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Hart, Stephen I, - 1683

Stephen Hart was born in Braintree, Sussex County, England, around 1605.  He emigrated to Massachusetts Bay in 1632 on The Lyon and became a freeman of town of Cambridge.  In the fall of 1635, he was a member of the Adventurers Party, a group of twenty-five men who explored the area that would become Hartford, Connecticut.  Hart was one of the sixteen founders living there before the arrival of Reverend Hooker.  By 1640, he owned eleven parcels of land.

Hooker, Thomas Hart, 1745 - 1775

Thomas Hart Hooker was the son of Roger Hooker and Mercy Hart of Farmington, Connecticut.  According to one family history, before joining the army in 1775, Hooker freed his negro servants, indicating that "he would not own property in a human being while, he, himself, was fighting for freedom."  Hooker died at Roxbury, Massachusetts on November 26, 1775 during the siege of Boston.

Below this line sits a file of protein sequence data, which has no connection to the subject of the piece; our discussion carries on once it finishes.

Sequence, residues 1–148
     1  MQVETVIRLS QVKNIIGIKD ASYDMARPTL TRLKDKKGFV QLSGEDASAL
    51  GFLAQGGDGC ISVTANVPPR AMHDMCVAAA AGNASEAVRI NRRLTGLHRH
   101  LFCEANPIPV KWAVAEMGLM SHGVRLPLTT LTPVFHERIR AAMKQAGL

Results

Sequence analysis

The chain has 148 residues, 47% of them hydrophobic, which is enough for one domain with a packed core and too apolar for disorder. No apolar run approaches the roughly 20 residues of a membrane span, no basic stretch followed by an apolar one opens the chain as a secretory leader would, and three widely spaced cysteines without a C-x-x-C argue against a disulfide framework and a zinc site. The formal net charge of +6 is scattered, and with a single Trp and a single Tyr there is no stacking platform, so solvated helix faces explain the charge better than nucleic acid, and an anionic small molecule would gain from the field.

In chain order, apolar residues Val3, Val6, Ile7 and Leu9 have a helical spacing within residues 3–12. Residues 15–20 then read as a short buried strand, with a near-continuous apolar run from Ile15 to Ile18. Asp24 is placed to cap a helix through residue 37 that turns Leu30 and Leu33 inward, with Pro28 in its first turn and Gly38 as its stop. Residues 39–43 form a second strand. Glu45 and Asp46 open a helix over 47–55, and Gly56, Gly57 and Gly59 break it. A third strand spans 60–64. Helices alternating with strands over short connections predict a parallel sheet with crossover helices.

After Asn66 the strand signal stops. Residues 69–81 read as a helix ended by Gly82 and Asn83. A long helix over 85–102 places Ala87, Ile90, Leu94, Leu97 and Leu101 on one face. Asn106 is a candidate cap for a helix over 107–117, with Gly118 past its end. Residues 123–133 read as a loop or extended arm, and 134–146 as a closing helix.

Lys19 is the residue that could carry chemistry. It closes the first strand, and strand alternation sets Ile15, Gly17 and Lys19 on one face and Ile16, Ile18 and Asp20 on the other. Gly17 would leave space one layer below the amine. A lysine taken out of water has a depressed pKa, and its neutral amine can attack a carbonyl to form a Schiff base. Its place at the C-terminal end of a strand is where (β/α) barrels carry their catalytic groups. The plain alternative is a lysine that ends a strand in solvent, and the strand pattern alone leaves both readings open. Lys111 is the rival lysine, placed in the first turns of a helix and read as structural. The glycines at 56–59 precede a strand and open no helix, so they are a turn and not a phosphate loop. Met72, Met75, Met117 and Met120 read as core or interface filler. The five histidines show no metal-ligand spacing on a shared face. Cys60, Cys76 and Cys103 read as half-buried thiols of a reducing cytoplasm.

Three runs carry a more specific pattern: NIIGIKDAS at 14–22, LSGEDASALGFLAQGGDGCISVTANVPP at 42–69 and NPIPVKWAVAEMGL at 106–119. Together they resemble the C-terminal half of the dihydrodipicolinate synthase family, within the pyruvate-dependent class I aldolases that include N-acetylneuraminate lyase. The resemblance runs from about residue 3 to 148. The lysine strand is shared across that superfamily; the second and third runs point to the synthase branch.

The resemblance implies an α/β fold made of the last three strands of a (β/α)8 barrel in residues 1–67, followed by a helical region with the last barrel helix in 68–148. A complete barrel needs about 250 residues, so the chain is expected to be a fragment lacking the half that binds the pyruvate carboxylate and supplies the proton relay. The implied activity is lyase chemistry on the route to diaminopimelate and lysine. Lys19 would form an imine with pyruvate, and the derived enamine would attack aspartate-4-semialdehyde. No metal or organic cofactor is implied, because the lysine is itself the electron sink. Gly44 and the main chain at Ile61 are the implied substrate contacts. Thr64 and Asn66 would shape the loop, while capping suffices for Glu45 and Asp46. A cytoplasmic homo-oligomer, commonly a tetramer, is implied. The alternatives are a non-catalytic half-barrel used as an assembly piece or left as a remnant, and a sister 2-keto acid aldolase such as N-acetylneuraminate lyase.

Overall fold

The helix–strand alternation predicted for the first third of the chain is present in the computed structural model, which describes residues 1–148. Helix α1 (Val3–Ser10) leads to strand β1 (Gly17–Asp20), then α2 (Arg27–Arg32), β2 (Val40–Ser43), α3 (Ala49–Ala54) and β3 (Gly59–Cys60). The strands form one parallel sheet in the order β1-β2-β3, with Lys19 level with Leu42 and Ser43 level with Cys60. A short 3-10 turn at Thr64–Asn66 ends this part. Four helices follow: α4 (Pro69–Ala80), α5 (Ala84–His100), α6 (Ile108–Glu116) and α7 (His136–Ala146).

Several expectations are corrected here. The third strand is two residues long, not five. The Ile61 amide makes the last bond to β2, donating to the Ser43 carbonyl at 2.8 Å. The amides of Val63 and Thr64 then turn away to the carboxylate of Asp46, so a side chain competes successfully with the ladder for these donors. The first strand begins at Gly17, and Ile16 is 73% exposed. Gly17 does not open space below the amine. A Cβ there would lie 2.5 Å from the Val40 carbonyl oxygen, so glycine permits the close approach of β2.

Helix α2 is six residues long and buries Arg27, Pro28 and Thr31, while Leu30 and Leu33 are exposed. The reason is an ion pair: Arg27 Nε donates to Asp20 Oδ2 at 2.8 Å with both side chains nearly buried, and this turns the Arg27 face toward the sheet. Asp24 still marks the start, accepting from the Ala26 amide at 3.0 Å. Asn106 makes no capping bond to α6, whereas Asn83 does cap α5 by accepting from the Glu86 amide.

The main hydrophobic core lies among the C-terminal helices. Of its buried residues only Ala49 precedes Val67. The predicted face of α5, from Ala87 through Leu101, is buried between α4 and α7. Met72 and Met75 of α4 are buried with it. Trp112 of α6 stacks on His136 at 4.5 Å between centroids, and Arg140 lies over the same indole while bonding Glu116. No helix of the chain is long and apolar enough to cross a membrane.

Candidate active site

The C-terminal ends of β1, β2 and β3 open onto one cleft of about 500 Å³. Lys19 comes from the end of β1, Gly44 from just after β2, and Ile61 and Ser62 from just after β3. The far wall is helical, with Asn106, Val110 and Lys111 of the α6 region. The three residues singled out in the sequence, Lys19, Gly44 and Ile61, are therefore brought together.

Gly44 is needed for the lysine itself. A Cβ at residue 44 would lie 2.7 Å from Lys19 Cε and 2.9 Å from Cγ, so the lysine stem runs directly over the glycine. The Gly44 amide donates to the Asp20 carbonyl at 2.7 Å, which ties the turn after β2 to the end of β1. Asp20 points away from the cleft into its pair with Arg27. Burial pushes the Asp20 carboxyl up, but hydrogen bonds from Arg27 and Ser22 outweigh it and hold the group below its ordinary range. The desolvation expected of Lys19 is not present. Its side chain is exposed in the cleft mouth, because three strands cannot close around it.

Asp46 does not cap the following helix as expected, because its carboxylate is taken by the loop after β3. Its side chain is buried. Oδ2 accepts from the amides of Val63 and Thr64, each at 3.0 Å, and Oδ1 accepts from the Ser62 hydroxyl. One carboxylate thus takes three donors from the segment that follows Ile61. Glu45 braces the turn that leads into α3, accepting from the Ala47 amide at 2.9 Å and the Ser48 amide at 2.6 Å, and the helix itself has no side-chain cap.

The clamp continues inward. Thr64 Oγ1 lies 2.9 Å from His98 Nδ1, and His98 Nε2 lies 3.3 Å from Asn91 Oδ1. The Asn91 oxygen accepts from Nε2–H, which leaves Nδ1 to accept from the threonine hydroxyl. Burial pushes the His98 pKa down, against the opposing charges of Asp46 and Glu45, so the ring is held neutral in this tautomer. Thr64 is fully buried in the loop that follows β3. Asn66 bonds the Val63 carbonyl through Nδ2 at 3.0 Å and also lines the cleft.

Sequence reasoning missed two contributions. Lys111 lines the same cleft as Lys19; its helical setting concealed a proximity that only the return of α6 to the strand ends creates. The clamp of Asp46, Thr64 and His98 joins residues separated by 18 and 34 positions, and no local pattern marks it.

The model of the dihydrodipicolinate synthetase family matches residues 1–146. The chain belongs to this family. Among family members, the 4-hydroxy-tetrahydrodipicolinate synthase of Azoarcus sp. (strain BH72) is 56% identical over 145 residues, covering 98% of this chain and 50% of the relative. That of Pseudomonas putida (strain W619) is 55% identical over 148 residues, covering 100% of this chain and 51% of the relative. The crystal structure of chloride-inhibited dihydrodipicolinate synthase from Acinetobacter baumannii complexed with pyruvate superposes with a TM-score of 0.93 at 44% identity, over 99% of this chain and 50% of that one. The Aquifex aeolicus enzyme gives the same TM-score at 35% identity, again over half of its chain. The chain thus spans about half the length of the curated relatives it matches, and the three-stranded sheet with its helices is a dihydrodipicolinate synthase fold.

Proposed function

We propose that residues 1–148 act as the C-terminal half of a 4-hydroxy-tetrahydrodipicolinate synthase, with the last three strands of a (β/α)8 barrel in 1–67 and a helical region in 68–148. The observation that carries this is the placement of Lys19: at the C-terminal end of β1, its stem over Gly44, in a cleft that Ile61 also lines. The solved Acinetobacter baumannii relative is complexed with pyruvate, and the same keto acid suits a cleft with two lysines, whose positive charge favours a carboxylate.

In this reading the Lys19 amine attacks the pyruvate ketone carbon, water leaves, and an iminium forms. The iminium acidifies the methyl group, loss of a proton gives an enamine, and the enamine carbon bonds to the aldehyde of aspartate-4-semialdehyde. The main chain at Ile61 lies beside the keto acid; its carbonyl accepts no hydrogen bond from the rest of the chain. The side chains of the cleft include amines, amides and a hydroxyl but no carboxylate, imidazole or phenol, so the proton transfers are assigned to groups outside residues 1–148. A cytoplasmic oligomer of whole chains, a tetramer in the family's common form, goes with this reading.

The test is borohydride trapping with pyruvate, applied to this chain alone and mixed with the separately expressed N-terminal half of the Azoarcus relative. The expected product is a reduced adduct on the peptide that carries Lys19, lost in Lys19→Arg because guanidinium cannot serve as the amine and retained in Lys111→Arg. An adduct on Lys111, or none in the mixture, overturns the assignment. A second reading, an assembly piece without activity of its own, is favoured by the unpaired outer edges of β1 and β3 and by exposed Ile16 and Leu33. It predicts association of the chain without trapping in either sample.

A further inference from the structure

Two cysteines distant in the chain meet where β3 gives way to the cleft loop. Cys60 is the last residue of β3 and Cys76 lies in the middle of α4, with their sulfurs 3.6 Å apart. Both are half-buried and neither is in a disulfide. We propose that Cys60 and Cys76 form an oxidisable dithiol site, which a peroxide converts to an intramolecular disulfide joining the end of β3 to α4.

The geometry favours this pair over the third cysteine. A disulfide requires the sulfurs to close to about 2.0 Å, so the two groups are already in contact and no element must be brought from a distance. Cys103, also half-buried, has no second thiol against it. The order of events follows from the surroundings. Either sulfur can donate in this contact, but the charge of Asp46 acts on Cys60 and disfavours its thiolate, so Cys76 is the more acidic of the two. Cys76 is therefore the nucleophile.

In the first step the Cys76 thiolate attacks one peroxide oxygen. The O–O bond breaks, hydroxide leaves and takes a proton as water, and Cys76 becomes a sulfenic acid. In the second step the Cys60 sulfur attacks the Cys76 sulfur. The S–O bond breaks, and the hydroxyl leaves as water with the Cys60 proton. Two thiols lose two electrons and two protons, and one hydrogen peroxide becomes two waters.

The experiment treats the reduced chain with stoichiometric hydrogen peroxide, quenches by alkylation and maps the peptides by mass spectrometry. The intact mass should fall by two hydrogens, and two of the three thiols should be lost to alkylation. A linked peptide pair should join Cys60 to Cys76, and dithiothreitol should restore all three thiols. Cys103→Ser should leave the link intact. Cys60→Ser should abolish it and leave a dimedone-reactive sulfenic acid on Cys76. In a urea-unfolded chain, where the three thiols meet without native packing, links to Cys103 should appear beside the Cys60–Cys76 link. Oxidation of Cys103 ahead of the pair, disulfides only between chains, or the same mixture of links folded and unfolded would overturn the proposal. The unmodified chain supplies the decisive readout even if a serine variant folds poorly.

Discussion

Newell, John, 1693 - 1777

Captain John Newell (January 17, 1692/3-February 1777) was the son of Samuel Newell and Mary Hart of Farmington, Connecticut, and the husband of Elizabeth Hawley (the daughter of Joseph Hawley).  The family lived at "the Round" of Farmington, most likely Round Hill.
Descendants of Gov. Thomas Welles, Vol. 2, 262-3.  Additional sources for this biography come from the Related Digital Heritage Items listed below.

Hart, Thomas, 1643 - 1726

Born in 1643, Captain Thomas Hart was the son of Stephen Hart of Farmington, Connecticut.  He held many civil and military positions.  He was an ensign (1678), lieutenant (1693), and captain (1695) of the Connecticut militia. Hart represented Farmington in the General Court from 1690-1711, holding the positions of clerk and speaker.  He also served as a justice for Hartford county.  He owned a corn mill at Indian Neck in Farmington.